That model is also what led to the policy of selling Council houses. Of course, today, the news media only talk about those for whom that was a boon, but they fail to mention that in the house price crash and rising unemployment after 1990, thousands of people who had been encouraged to buy their Council house, had to hand it back, because they could not pay the mortgage! And, of course, that very policy is partly to blame for the lack of social housing today, along with the concomitant policy of preventing Councils from using Capital receipts from sales to build new Council houses. The same economic policy is also what led to the encouragement of people to spend large amounts of money on private Pensions, which became next to worthless in the Stock Market Crash of 2000.

The policy on Council houses was merely emblematic of what Thatcherism was, a great Ponzi Scheme, built on debt, which kept the Tories in office for a long period, by giving huge bribes to its electoral base. It did so at the cost of essentially defenestrating the counties economy and social structure. The policy of privatisation was another example. The industries that had been nationalised, had been so because they were already bust due to years of under investment. Nationalisation was largely a policy for providing the needed investment by the taxpayer, whilst the industry was rationalised at the expense of its workers – sometimes rationalised out of existence – ready to be taken over again. When Thatcher began the policy of privatisation, limits were placed on the number of shares that could be obtained. This was a blatant bribe to the middle class. The offer prices were set artificially low. The middle classes, and better off workers were able to buy their maximum amount of shares, sure in the knowledge they would make a sizeable capital gain within weeks when they sold them. When they did sell the shares were picked up by the banks and financial institutions.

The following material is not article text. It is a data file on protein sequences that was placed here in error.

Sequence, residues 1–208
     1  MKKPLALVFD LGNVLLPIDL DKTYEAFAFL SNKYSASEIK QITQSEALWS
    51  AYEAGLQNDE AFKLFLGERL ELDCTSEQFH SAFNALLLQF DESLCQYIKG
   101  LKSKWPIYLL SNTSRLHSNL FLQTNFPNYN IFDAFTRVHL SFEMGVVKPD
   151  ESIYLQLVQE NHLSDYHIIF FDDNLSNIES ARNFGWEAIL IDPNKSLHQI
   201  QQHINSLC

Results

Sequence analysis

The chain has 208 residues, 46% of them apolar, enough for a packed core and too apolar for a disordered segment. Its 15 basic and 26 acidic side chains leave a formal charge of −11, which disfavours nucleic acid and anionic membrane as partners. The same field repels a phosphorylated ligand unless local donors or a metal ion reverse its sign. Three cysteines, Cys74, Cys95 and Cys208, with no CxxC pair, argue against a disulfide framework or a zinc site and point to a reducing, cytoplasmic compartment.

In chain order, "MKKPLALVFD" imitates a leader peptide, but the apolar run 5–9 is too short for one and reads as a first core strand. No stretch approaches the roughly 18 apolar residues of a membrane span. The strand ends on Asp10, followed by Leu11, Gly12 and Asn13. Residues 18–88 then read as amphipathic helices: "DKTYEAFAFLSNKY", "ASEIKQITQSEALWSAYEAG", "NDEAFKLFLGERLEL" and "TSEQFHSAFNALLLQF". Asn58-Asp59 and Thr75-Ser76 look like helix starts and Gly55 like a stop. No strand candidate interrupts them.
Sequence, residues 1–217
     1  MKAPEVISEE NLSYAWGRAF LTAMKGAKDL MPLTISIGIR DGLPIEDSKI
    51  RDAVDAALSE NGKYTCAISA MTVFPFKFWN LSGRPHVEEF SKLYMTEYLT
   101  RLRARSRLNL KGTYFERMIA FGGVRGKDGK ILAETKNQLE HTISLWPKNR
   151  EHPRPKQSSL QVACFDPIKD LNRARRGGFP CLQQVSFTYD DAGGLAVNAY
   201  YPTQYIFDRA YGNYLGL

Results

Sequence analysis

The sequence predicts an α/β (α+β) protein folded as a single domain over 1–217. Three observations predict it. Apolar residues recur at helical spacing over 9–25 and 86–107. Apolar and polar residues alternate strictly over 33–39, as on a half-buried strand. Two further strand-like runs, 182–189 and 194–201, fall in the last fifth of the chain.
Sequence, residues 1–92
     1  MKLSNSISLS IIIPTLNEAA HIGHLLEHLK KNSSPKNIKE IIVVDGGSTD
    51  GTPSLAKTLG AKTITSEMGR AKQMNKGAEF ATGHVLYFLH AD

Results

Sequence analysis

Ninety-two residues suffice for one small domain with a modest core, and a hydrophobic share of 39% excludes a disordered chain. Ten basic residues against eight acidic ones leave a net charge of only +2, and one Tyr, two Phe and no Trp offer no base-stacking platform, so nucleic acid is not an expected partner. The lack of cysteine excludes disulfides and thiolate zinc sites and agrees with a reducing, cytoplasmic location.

This process of making investing all about short term Capital Gains rather than long term investment for income fed into the Thatcherite high debt model. Combined with the deregulation of banks and financial services culminating in the Big Bang, it set the conditions for the subsequent huge bubbles in property and share prices, and thereby for the subsequent bursting of those bubbles. Increasingly, investing and making money became about gambling on such rapid changes in asset prices rather than investing in actual productive activity. That again is what led to the imbalances in the UK economy, and its over reliance on the banks and Finance houses.